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  3. Prashant, Wylie's THE MURDERER INVISIBLE was combined with H. G. Wells' THE INVISIBLE MAN to form the basis of the 1933 James Whale movie THE INVISIBLE MAN. Of course, Universal Pictures never gave Wylie credit in the titles.

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    1. Jerry, thanks for that bit of info. I'll look for the film online. I loved Wells' THE INVISIBLE MAN.

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  4. I think the material is more you than me. I enjoyed your post though!

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    1. Col, thank you. I do like to mix them up, though I haven't read GLADIATOR yet.

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  5. Philip Wylie's work had quite a range. Some had science fiction elements, some contain mysteries. I've read a few of his short stories, too. Nice review!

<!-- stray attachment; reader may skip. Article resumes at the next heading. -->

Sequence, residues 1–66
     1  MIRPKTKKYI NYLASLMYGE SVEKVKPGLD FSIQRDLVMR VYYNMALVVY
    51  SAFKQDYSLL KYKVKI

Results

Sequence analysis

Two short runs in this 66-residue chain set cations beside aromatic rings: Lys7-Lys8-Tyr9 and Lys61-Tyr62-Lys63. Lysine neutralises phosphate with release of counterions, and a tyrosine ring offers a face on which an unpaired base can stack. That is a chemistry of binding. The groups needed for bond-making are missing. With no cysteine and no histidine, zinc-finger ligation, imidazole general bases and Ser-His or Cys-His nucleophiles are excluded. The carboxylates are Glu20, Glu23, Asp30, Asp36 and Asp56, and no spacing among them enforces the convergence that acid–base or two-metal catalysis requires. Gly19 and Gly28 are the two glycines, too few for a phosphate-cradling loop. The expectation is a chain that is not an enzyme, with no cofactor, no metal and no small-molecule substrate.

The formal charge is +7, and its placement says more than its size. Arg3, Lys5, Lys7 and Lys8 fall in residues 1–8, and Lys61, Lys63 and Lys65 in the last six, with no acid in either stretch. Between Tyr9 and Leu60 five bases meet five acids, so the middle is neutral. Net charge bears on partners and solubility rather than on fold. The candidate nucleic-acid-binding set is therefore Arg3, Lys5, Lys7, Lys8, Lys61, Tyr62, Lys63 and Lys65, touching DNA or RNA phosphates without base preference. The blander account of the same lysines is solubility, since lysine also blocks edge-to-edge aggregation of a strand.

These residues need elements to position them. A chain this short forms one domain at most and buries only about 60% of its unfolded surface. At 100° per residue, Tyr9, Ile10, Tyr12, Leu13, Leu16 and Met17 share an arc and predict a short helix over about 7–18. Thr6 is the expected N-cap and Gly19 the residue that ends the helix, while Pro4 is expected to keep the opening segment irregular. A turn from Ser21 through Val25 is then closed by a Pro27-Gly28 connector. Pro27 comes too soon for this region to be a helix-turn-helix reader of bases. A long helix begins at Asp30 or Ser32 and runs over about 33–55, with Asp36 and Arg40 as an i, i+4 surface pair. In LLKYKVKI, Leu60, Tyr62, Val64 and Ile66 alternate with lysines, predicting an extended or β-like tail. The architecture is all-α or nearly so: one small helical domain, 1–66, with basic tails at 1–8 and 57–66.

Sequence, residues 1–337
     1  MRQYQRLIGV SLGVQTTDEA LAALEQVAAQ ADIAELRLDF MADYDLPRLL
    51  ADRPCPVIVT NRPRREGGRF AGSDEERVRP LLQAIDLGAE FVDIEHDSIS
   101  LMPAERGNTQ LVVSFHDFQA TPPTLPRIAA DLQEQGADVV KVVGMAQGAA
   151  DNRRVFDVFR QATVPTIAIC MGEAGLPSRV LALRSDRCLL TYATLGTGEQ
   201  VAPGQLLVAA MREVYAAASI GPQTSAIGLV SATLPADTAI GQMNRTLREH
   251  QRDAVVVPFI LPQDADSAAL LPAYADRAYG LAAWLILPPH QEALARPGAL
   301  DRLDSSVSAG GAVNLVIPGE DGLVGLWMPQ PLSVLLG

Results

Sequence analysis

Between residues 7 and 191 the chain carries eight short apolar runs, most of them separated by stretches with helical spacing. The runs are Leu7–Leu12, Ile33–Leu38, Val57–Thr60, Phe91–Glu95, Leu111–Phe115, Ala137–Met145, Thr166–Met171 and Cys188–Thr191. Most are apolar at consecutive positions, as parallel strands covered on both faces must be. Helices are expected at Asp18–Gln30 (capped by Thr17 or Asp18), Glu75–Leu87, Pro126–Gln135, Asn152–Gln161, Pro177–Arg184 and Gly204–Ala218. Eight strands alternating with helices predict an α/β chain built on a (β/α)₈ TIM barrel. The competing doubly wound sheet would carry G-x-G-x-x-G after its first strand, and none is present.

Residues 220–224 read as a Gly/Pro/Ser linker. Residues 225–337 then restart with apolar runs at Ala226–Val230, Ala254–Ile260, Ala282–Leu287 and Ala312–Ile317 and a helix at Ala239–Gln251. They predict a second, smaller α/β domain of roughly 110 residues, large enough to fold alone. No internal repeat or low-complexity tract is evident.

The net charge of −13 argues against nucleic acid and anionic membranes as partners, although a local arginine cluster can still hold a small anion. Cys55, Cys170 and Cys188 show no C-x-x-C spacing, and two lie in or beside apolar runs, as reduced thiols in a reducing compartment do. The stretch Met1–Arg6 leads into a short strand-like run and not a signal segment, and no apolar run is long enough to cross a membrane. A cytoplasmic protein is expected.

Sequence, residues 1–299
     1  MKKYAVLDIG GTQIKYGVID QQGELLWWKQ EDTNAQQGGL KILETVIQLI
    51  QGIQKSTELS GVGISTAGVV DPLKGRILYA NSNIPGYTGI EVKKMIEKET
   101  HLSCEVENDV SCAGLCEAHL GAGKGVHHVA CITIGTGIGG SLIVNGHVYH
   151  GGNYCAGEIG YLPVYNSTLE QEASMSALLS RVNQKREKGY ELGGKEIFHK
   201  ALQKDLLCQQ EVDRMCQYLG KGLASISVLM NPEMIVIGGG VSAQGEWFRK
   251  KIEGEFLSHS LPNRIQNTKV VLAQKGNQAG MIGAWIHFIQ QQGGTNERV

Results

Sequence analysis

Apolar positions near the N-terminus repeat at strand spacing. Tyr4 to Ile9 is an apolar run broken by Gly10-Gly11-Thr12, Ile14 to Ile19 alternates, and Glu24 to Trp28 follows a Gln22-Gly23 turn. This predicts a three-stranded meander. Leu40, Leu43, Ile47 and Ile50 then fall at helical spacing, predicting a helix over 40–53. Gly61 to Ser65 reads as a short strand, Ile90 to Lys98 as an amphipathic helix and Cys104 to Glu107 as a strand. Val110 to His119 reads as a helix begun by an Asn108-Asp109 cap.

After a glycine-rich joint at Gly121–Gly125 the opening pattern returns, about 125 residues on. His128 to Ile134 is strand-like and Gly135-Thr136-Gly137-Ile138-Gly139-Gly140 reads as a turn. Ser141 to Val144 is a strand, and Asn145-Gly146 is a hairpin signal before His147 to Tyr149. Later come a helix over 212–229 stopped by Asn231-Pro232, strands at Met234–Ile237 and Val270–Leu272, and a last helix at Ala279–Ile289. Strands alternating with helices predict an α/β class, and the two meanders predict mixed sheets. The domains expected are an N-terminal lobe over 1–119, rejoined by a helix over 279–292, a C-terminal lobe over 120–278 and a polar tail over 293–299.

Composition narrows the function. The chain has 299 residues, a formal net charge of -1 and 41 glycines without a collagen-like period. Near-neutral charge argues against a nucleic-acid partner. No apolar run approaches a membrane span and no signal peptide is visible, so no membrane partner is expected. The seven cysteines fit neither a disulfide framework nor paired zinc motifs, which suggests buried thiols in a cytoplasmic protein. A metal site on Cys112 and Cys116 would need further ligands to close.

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    1. George, thank you. It was more like a curtain raiser as I haven't read the book yet. I'm tempted to read his short stories first.

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  6. I've ran across Phillip Wylie many times over the years, but didn't acquaint myself with any of his writings that I recall.

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    1. Oscar, I discovered him by chance and found that he was a prolific writer in his time.

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  7. Very interesting, Prashant. You definitely educated me in this area. I know little of Wylie.

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    1. Tracy, thank you. Reading about his work was an education for me too.

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  8. This is not an area I know anything about, so I enjoyed your measured and informative post. Love those covers!

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    1. Moira, thank you. I don't know much about Wylie either and the only way to get to know him better is to read his books.